Learn how to make your own watermelon syrup, its easy to make, economical and a natural fruit sweetner you can use for pancakes instead of artificial or expensive syrups.
Learn how to make your own watermelon syrup using your homegrown watermelons from the garden.
Believe it or not, the least known of nature's nutritious sweeteners may well be the best (tastiest, easiest to make, most economical) of them all! Read on, as Charles Franklin Jenkins of New Riegel, Ohio explains how to make your own watermelon syrup.
Most of MOTHER's readers know that honey,molasses, and maple syrup are three mighty good alternatives to the likes of cyclamates, saccharine, and white sugar. But I'll bet only a relative handful of you have discovered that there's yet another "organic" substitute for super-processed sweeteners . . . and that you can easily make your own, right now at home, from (are you ready for this?) common garden-variety watermelons!
Yep. As novel as the idea may seem, folks have been dabbling with the production of an ambrosial sweetener from America's favorite summertime fruit for over a hundred years. The United States Commissioner of Agriculture's Report for 1876 states that one group of California farmers and promoters actually formed a corporation (the California Sugar Manufacturing Company) for that purpose. And the company — after conducting extensive preliminary experiments which showed that the plan was indeed feasible — set up a factory complete with imported German machinery at Isleton, in the Sacramento/San Joaquin River delta region.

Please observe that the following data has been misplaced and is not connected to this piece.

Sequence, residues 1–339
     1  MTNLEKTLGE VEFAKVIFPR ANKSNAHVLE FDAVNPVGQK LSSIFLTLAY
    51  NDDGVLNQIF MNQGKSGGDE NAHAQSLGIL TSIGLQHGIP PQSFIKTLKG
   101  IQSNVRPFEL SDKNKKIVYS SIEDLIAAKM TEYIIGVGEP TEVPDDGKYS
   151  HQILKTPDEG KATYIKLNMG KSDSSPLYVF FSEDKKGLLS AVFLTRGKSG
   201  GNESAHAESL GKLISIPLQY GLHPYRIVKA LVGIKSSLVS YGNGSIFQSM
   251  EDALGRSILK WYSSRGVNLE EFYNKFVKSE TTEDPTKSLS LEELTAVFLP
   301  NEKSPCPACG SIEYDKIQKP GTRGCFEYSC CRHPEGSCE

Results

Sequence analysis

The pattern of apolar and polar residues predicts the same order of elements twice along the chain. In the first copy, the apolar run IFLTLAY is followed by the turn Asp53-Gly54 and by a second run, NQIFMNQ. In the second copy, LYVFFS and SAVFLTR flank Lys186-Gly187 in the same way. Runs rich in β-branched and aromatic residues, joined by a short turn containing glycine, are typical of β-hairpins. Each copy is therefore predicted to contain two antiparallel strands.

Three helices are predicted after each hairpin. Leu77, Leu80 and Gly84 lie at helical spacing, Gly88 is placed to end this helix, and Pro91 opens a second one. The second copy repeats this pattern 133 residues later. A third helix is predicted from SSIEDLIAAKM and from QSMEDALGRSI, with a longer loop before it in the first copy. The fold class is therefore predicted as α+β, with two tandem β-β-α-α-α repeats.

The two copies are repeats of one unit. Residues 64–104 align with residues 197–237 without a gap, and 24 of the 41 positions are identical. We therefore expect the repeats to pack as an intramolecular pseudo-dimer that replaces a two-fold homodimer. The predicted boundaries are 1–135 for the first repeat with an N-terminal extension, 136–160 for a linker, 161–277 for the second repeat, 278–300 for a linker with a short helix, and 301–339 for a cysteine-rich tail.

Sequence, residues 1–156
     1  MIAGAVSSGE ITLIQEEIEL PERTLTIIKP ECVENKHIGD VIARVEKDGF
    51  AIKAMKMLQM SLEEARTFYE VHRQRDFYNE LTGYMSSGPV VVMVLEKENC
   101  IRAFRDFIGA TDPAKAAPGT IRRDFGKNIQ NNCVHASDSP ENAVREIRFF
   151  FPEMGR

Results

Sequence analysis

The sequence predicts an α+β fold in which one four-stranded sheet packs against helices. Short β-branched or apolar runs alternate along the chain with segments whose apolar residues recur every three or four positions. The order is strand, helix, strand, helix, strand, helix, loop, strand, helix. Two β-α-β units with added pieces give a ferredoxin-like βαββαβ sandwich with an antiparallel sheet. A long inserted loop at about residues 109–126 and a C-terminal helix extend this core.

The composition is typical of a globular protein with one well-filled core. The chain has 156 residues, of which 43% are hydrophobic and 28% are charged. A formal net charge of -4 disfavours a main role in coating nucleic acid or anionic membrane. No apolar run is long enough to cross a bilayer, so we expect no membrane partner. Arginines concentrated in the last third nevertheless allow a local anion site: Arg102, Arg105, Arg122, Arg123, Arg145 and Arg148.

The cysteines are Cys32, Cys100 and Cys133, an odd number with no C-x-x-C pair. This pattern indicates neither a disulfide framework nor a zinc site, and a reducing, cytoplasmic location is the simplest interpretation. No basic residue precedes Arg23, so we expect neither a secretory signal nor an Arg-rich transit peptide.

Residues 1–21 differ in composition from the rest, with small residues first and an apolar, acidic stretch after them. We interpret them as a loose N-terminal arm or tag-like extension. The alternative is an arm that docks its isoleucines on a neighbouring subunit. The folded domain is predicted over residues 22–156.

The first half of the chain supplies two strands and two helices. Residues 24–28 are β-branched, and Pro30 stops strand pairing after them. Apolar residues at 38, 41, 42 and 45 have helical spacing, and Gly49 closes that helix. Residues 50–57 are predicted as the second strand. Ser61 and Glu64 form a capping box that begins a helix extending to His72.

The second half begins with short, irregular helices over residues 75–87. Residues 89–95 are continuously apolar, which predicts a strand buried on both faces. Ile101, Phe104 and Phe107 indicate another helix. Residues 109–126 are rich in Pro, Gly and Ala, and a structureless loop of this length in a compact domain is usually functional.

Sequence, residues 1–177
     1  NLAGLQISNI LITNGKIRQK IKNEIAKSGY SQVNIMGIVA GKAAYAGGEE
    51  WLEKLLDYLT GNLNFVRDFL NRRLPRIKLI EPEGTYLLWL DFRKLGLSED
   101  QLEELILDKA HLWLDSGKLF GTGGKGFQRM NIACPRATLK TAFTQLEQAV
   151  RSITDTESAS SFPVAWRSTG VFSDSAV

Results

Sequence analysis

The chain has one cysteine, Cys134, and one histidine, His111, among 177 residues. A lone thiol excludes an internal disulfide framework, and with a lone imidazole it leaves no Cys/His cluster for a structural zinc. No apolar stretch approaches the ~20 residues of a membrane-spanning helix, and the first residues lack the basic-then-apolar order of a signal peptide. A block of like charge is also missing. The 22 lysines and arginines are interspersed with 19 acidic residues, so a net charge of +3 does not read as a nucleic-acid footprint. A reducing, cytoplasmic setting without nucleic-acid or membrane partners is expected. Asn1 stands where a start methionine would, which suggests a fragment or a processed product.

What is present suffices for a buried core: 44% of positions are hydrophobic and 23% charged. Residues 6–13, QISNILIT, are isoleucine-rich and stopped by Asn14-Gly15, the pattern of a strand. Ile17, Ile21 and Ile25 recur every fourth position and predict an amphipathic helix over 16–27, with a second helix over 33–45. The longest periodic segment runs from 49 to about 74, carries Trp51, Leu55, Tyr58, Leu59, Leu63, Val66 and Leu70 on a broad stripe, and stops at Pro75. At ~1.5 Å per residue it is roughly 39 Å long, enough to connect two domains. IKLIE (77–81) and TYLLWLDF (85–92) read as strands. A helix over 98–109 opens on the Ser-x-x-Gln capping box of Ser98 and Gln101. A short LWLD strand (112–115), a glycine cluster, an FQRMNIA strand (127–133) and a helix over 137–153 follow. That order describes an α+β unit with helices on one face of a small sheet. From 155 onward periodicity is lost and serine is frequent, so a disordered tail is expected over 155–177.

Over the next twenty or thirty years, a goodly number of other entrepreneurs and researchers from sections of the country as widely scattered as Oklahoma, Virginia, and Nebraska also tried to make a go of similar schemes. Unfortunately, all such efforts were doomed to eventual failure, thanks to the sheer economic clout of the conventional cane-sugar industry.
But that's not to say that you can't make your own natural sweetener from watermelons . . . because you can! Compared to gathering honey or boiling down maple syrup (both of which involve a considerable investment in time and money), the process is a breeze! Here's all there is to it:
First, of course, you need several juicy, fully ripe watermelons fresh from your garden (or from the local supermarket, if you're not a purist and don't mind spending the extra money).
Thoroughly scrub the outside of the fruit with a vegetable brush (this is particularly important if you're using store-bought produce . . . in which case you might want to peel the skin away entirely to avoid possible spray residues). Next slice the green globes into halves, then quarters, and finally inch-wide strips or cubes.
Some folks prefer to cut and use the entire melon — rind and all—or you can simply spoon out and save just the pulp . . . in which case your syrup will be a somewhat lighter honey-toned color. In any event, always be sure to hold the juicy pieces of melon over a bowl or dish as you work, to catch and retain every drop of liquid nectar.
Next pick all the seeds from the pink flesh (a job which can be called either horrendously messy or wonderfully messy, depending on your own particular psychological makeup). Set the little nuggets aside to dry — for use in next year's garden — and put the cleaned seedless chunks of pulp into as many bowls as you need to hold all the melon you've cut up.